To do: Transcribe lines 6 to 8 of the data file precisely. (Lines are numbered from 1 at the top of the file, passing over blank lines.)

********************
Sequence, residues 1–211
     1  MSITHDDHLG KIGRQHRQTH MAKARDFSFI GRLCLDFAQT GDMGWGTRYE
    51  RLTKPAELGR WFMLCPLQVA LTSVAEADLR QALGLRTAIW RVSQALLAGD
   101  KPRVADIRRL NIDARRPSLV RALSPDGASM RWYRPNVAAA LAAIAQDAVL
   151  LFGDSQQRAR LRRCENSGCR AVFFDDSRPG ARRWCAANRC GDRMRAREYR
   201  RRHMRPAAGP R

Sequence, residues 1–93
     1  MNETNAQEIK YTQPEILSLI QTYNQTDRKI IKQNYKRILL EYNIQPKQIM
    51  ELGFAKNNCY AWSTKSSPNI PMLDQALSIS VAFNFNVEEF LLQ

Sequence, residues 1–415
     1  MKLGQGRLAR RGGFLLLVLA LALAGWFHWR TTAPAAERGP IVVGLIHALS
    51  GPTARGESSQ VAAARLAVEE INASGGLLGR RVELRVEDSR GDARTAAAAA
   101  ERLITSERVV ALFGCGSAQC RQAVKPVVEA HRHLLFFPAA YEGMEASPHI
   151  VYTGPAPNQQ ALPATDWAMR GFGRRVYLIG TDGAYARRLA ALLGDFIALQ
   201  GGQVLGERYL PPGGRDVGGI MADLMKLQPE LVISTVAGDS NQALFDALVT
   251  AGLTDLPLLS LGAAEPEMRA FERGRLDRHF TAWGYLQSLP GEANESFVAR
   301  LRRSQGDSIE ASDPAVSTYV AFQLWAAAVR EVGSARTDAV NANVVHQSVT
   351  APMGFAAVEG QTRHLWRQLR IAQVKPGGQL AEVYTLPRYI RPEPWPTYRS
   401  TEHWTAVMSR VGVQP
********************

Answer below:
   201  RRHMRPAAGP R

Sequence, residues 1–93
     1  MNETNAQEIK YTQPEILSLI QTYNQTDRKI IKQNYKRILL EYNIQPKQIM